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How is Networking of the Cytoskeleton Achieved?
Elucidating the unconventional interaction between Myosin V and microtubules

by Dennis Zimmermann (10.04.2012)

Inside cells, molecular motors such as myosins and kinesins are known to be involved in a number of transport processes. Among many others, such processes include the transport of pigment granules from the center to the periphery of the cell and vice versa. This process called pigmentation, displays a useful tool for fish and amphibians to quickly change the color of their skin in order to perform camouflage. In addition, it protects the human skin from UV-irradiation.

The efficient transport of thousands of such cargo molecules throughout the cell can only be achieved through the interplay between long-range (kinesin-2) and short-range (myosin V) transporters, which in turn requires a handoff mechanism between both transport systems. To date, the mechanistic nature and regulation of this crosstalk still remains elusive.

Recent in vitro studies by Ali et al. (1) have revealed that myosin V, normally interacting with the short-range track system (actin), is able to also use the long-range microtubule track system, on which typically kinesins travel along. This interaction was proposed of being mediated by an electrostatic attraction between a positively charged surface loop (loop 2) on myosin V and negatively charged portions (E-hooks) on the microtubule surface. Furthermore, it was shown that the initial interaction of myosin V with the microtubule is followed by a non-energy consuming scanning motion (one-dimensional diffusion) of the transporter along the microtubule track.

I hypothesize, that the unconventional interaction of myosin V with microtubules could play an essential role in aiding the networking between both transport systems.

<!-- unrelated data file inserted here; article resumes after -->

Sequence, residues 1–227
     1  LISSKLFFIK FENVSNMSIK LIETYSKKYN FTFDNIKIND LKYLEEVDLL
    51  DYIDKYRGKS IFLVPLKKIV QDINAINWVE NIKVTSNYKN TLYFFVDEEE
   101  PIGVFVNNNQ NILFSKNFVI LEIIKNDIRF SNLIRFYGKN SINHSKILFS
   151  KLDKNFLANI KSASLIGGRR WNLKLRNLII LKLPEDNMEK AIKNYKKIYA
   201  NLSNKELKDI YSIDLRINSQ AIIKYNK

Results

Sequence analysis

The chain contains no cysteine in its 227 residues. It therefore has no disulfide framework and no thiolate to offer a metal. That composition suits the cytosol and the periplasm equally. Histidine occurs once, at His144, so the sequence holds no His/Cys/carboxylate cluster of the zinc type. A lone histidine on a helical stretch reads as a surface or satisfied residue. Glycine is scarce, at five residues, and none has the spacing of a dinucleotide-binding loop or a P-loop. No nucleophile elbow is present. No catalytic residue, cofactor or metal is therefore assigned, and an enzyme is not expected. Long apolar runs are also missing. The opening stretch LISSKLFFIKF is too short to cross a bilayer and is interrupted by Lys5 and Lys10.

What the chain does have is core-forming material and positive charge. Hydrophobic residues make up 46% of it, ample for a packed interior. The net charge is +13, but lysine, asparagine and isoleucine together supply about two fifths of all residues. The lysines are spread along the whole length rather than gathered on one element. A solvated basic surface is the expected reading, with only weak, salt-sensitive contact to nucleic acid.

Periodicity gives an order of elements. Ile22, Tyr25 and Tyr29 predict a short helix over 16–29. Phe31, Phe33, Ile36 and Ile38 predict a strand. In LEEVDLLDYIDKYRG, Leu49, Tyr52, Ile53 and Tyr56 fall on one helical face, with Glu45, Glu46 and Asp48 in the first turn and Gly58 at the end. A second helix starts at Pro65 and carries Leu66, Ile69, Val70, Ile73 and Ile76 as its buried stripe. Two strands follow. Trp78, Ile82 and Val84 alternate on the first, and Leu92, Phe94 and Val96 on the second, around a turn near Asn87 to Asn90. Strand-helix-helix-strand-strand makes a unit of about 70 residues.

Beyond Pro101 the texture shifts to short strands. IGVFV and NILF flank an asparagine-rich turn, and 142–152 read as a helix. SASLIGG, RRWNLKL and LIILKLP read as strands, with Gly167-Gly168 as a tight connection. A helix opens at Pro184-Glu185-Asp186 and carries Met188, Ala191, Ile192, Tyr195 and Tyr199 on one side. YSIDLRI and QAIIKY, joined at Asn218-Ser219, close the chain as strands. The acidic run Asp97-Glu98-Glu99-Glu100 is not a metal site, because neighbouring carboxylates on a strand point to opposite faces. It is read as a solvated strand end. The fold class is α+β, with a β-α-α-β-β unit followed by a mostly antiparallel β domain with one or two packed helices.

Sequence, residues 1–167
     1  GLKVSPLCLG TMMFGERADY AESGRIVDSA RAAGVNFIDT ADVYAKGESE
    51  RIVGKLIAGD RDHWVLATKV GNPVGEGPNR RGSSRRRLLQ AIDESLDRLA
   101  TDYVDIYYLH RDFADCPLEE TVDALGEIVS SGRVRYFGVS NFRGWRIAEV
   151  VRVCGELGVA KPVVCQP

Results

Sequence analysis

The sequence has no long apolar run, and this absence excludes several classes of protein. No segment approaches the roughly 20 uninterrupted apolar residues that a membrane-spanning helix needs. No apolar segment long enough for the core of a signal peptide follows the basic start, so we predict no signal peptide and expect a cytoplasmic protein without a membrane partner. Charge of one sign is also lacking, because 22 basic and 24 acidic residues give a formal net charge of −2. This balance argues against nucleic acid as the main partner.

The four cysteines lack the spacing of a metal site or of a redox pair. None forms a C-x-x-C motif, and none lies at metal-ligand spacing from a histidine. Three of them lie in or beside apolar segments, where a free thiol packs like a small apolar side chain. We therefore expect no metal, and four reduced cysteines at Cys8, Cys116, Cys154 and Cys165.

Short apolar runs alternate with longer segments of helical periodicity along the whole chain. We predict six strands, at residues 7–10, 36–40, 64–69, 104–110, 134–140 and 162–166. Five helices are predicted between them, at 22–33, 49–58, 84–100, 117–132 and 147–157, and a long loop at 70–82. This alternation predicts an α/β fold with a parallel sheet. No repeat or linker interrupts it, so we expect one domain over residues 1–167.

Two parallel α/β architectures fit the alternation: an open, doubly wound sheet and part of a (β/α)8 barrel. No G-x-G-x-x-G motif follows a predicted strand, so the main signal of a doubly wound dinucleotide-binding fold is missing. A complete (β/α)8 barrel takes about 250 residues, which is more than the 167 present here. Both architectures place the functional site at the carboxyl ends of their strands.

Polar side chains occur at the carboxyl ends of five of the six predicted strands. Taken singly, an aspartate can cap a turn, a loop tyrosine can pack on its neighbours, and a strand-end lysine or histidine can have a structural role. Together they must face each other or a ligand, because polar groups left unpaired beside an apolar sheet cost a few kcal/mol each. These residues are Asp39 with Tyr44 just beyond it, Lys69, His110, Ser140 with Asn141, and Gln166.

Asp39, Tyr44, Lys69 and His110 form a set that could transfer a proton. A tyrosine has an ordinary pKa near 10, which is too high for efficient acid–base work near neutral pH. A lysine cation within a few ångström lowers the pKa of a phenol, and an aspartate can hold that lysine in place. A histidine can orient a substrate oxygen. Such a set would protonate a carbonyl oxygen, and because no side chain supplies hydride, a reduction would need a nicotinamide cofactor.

Therefore a central part of my work as a PhD-student was to understand the molecular basis of this interaction (2). For this, three major questions have been addressed: Does indeed the charge of loop 2 contribute to microtubule binding? Or does rather the amino acid composition of loop 2 make the difference? And most importantly, after the initial binding to the microtubule, what biophysical feature enables myosin V to start diffusing along the filaments?

I used single molecule Total Internal Reflection Fluorescence Microscopy (TIRFM) to characterize the binding and diffusion behavior of myosin V mutants containing negatively instead of positively (as it is the case for Wildtype myosin V) charged loop 2 motifs on microtubules.

Figure 1. One-dimensional diffusion of myosin V loop 2 constructs on microtubules.[Bildunterschrift / Subline]: Figure 1. One-dimensional diffusion of myosin V loop 2 constructs on microtubules. (A) Schematic view of untreated microtubules containing E-hooks. (B) Single-molecule kymographs depicting diffusive movement of fluorescently labeled myosin V Wildtype as well as net negatively charged loop 2 mutants (Minus4 and Minus13). Control represents a stationary, non-diffusing motor molecule on the microtubule. (For further details see reference 2 below).

Based on the previously proposed electrostatic model by Ali et al. (1), one would expect that myosin V mutants containing a net negative charge on their loops would cease to interact with the negatively charged microtubules. Surprisingly, my data now suggests that myosin V diffusion on microtubules is neither determined nor limited by the charge of loop 2 as both, the positively charged Wildtype myosin V and the negatively charged loop 2 mutants, bind to and diffuse along microtubules (Figure 1A+B). Most strikingly, neither for the initial association nor for the subsequent diffusion of myosin V along microtubules E-hooks are required (Figure 2A+B).

Figure 2. One-dimensional diffusive motion of myosin V on microtubules lacking the E-hook.[Bildunterschrift / Subline]: Figure 2. One-dimensional diffusive motion of myosin V on microtubules lacking the E-hook. (A) Schematic view of microtubules, which after proteolytic treatment lack the E-hooks. (B) Kymograph depicting the diffusive motion of a single fluorescently labeled Wildtype myosin V molecule. Control represents a stationary, non-diffusing motor molecule on the microtubule. (For further details see reference 2 below).